I use Chrome both to debug:

  • The client-side of my node (which runs in my browser like the Dashboard or the Flow editor), i.e. the Javascript used for my node's config screen. For example stuff from the oneditprepare function.
  • The server-side of my node (which runs in my flow on my Raspberry), i.e. the code that is e.g. triggered when a new input message arrives.

As mentioned before the technology (to debug server-side NodeJs from Chrome) is experimental, so it changes from time to time how it has to be used:

  • In older NodeJs versions you had to startup Node-RED (on a Raspberry for example) like this:

    node --inspect /usr/lib/node_modules/node-red/red.js
    

    Then in the command line an URL will be displayed automatically:

    Chrome-devtools:// ...
    

    You have to copy that URL and paste in your Chrome browser. And then the developer tools opens and you can start debugging. Additionally you can add extra --debug-brk in your command (after --inspect), so it would stop immediately at the first line of the Node-RED application. This is e.g. necessary when you want to debug code from Node-RED startup, or the startup code of your node. E.g. this part of your Node:

    function MyCustomNode(config) {
         RED.nodes.createNode(this, config);
         // This startup code needs to be debugged (e.g. after deploy)
    }
    

    This way of working gives you a change to put your breakpoints before the flow is started...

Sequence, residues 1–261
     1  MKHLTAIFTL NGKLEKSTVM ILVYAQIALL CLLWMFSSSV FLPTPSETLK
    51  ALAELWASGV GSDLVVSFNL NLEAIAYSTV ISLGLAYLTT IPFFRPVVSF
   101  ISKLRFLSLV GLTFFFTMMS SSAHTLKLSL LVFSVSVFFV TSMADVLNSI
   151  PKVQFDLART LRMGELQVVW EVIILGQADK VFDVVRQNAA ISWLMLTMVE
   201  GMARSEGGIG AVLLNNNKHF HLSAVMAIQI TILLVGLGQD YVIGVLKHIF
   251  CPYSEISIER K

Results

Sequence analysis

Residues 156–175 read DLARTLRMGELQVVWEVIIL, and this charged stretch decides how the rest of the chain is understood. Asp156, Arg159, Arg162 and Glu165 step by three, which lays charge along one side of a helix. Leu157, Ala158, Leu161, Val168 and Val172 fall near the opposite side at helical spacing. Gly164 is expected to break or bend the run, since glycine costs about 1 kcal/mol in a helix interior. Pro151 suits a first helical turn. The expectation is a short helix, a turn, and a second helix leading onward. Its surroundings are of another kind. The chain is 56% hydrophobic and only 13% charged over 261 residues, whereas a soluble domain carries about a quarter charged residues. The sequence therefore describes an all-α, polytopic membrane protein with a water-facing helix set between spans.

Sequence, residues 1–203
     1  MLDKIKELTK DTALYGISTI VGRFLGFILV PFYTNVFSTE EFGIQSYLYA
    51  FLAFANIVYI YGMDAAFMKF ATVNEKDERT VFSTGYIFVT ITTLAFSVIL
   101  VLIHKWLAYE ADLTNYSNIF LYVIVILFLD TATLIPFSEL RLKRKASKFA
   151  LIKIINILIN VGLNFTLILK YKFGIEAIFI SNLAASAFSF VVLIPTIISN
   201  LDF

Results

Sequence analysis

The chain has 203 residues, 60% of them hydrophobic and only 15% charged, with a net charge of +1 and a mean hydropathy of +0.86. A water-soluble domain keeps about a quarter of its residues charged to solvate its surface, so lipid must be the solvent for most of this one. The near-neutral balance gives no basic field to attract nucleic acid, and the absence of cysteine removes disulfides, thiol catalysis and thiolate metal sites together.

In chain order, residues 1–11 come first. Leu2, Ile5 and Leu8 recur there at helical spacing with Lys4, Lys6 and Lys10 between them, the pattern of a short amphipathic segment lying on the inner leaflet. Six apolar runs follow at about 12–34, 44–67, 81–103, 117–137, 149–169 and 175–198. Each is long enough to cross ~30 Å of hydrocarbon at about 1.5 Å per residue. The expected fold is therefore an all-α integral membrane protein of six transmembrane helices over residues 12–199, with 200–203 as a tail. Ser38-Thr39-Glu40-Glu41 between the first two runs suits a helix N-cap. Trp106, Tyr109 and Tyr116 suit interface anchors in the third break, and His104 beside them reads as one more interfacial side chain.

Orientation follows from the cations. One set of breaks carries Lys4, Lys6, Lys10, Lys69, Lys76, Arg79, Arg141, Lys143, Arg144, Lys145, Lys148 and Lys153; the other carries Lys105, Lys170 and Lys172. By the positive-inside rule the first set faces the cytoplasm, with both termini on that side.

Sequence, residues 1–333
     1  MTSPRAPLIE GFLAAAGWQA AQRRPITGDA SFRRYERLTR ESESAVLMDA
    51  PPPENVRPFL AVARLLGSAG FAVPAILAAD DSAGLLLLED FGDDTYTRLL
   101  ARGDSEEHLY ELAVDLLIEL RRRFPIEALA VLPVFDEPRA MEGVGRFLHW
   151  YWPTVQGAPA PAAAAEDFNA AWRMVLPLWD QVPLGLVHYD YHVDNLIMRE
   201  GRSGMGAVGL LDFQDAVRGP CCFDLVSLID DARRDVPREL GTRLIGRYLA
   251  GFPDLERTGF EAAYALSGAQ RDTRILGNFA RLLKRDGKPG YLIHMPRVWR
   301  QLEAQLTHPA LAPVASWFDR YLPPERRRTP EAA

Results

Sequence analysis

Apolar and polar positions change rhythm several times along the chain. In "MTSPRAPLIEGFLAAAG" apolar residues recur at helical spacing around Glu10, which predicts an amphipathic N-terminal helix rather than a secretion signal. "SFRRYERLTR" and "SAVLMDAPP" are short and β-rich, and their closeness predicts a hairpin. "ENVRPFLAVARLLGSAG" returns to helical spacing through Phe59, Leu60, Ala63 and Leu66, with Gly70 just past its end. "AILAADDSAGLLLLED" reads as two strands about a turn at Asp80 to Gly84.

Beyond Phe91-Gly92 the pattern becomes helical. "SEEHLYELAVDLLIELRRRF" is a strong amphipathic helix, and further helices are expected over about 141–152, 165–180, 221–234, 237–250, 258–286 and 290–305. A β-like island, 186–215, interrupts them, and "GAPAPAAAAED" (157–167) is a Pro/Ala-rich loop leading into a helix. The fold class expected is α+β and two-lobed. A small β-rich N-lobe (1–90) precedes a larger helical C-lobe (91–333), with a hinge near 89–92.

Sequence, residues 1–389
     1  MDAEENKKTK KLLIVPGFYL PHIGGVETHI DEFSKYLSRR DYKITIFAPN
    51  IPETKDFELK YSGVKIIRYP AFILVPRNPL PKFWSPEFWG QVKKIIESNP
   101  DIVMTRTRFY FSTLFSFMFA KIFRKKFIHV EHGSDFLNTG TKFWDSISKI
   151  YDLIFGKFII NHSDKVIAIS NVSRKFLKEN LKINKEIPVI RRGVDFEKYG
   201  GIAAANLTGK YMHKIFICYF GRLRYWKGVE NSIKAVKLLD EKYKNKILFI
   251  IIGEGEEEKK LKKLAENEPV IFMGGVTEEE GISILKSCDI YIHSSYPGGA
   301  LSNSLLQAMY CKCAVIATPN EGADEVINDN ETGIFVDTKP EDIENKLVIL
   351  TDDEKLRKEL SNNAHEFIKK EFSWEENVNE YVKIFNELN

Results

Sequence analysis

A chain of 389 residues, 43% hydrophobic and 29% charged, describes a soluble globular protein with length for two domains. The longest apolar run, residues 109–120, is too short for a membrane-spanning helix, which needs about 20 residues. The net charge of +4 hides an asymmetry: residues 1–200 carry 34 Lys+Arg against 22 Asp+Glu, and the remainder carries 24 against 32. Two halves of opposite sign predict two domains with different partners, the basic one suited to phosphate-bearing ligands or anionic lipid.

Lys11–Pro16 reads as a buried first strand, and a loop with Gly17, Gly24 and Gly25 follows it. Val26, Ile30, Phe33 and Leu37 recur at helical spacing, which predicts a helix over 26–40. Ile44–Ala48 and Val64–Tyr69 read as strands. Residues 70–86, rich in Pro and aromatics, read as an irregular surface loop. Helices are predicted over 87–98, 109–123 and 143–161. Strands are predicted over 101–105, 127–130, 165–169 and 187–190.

• Starting from starting from NodeJs version 7.5.0, you need to specify extra in your command which remote ip address is allowed to debug (see this security issue in NodeJs)):

    node --inspect=0.0.0.0:5858 /usr/lib/node_modules/node-red/red.js
    

    So that is the IP address of the computer where you are running Chrome. I 'think' you could use 0.0.0.0 to allow all IP addresses ...

  • Starting from NodeJs version 8.?, the command displays a ws://... address instead of chrome-devtools://... address. To open such an URL with Chrome you have to follow these steps:

    • Navigate to chrome://inspect

    • Once you have to specify the IP address of your server (in my case the Raspberry running my Node-RED) via the 'Configure' button:

      image

      You can specify here the IP addresses of ALL your Node-RED servers, that you ever want to debug...

    • Once you start one of those servers in debug mode (i.e. with the --inspect ... command), those entries will become clickable in this screen:

      image

      If you don't see the link appearing, refresh this page.

    • When you click on the 'inspect' link, the developer console will open and you can start debugging...

I'm only using the latest mechanism, so I cannot test the others anymore for you (in case of troubles)!

Bart


Debug in Node-RED Blockly node
#5

Thank you very much for your in-depth instructions. I decided to grab a Raspberry PI with Raspbian as a clean environment (This was my long term target platform anyway) to start over and deployed my nodes on it while keeping your instructions in mind. It is working now! Seems like I really messed up my local environment somehow.


#6

Not sure if this works for chrome debugging but in vscode, I include --preserve-symlinks in the debug settings file.

Not able to paste a copy of my launch JSON right now but if you do a quick google search on vscode launch node -preserve-symlinks you'll find the info.

Hope that helps you or others debugging sym linked own nodes.